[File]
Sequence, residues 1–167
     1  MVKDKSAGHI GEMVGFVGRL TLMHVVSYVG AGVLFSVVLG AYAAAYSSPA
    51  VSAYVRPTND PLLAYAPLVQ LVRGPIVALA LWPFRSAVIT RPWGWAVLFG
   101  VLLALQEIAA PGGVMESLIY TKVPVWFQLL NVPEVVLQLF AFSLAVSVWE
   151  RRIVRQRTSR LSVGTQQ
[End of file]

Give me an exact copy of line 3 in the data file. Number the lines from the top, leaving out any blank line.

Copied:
    51  VSAYVRPTND PLLAYAPLVQ LVRGPIVALA LWPFRSAVIT RPWGWAVLFG